When people are permitted to freely exchange value for value, absent coercive monopoly states, they act to satisfy their preferences. If these individuals feel that their property or life might be destroyed or stolen, they will act to prevent this from happening. Firms, or groups of individual actors, emerge to meet the demand for protection from foreign invasion. The protective services provided by these firms decreases the likelihood that individuals will lose their property or life. The individual would pay the company providing the services, most likely in an indirect fashion using an insurance-like model (free of coercive "regulations" imposed by states). If I don't want my property to be destroyed, my action is to pay installments to a firm that will pay me multiples of value on destroyed property. Such a firm would only exist as a going concern if it were able to collect premiums from people unlikely to have their property destroyed. Premiums would decrease as the probability that an individual's property will be destroyed decreases. The insurer would recognize and acknowledge the value of defensive services because they would be faced with the cost-benefit decision; therefore, the provision of defense firms would be an important component of this competitive, insurance market. Defensive services could be provided by a division of the insurance firm or an independent firm; that is for the market and economies-of-scale  to determine.

Defensive firms would provide protective services, military assets, and strategies that would dissuade foreign aggression and thereby decrease expected losses from military assault on the free society. Individuals and companies that pay for defensive services would have lower premiums because of the lower probability that they will make a claim for property destruction caused by foreign aggression. Equivalently, insurance companies could provide defensive services to their customers to reduce the likelihood that a claim would be made. The outcome is the same. The mechanics are similar to the provision of car insurance in a modern market.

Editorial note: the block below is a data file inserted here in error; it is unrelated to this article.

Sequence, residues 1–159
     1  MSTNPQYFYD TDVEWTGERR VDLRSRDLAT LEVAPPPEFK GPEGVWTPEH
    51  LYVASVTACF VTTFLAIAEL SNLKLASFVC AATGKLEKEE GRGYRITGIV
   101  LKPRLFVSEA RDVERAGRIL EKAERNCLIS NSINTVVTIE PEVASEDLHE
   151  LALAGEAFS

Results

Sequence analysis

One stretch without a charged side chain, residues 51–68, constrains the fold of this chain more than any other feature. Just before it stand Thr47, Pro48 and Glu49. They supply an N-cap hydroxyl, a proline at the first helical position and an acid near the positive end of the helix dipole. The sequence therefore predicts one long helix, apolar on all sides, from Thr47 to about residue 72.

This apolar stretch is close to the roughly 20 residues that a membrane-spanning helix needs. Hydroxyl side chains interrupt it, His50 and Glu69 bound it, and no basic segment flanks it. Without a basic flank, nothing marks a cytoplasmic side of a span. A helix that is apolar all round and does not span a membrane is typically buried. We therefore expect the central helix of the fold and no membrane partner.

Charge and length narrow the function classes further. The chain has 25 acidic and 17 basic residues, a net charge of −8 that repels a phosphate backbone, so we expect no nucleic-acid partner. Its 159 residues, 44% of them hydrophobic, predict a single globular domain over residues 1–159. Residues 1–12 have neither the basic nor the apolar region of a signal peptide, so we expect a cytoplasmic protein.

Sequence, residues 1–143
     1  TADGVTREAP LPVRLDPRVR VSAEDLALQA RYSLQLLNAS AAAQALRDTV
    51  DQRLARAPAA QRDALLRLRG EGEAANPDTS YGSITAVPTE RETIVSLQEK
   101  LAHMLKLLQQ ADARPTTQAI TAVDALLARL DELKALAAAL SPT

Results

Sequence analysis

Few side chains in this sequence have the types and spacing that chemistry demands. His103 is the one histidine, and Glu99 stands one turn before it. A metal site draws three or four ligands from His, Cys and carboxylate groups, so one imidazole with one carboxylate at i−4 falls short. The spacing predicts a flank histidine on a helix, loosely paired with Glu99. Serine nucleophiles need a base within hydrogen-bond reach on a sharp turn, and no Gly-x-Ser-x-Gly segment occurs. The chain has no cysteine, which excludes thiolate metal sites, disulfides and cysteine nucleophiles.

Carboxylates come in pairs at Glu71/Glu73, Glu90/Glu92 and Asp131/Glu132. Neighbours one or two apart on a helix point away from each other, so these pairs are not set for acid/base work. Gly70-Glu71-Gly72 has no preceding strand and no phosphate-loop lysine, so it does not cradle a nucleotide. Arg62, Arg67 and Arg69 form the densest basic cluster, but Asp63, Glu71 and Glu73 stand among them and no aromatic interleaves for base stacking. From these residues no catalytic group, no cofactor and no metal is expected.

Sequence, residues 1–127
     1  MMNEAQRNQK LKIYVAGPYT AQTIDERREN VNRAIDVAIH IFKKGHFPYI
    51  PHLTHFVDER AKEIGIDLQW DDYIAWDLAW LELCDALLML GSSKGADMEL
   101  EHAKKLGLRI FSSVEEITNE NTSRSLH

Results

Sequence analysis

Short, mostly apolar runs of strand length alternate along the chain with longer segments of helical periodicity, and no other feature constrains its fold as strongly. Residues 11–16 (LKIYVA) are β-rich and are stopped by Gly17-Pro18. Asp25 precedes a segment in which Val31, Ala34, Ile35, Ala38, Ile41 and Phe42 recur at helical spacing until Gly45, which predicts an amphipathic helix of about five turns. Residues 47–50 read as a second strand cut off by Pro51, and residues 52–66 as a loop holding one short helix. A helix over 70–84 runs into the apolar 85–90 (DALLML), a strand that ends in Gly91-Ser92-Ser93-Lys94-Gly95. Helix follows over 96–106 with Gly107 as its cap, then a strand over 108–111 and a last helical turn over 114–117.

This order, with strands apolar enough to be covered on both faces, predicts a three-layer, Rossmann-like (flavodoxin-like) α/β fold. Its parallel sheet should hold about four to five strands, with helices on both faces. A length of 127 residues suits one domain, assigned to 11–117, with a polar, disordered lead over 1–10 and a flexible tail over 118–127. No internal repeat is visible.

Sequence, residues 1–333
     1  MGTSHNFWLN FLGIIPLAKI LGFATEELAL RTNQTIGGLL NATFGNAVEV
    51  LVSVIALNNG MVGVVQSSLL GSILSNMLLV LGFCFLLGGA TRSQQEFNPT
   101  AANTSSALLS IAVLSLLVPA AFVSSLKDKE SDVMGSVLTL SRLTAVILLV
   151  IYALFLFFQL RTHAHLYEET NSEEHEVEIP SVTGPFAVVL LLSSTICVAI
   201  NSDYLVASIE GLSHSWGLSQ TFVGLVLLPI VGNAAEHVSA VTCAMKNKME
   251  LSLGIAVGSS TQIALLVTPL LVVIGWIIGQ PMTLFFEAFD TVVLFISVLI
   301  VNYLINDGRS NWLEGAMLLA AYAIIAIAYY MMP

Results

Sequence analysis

The main hurdle is understanding how the firms would solve what economists call the "free rider problem". This is where some individuals benefit from the provision of defensive services while not having to pay for these services. If those receiving a service cannot be made to pay for the services they benefit from, the market will produce an insufficient amount of this service. So, without compulsory taxation that ensures that people pay for a certain level of defense, it would seem to some that rational people acting freely in a market would result in less defense than desired by the individual actors. This is called a market failure. The market failure could be overcome by the insurance model (i.e. insurance companies would preemptively provide defense to avoid claims). The problem is that a competitor could then insure people against claims while their rival firm pays for the defensive assets because the deterrent to foreign aggression is already being provided. This would depend on the preferences of consumers and the strategies employed by insurance firms. The customers in the market for defense would not be one of homogeneous actors, it would be diverse, sometimes referred to as "lumpy"; put simply, some firms and individuals would have much more to lose and would therefore be willing to absorb the cost of defense for the free riders that patronized firms that "free ride" by not providing their own military assets. Large companies would likely boast about their role in paying for defense as a public relations strategy and to generate good will in the community. Some level of defense would be provided in response to the individual desires for protection from loss of life and property.

I did not get into the idea that there is a lower probability of foreign aggression in a free society because it is another topic. I could discuss this if there is interest in this topic.

edited to make comment.
Who would produce the weapons that would be used to defend the anarchist society? You know, without markets; since if there were markets, money, and capital it wouldn't be anarchy. The problem of economic calculation and the massive coordination problem would need a solution. Otherwise, there would be no weapon production; and hence, no means to defend from aggression.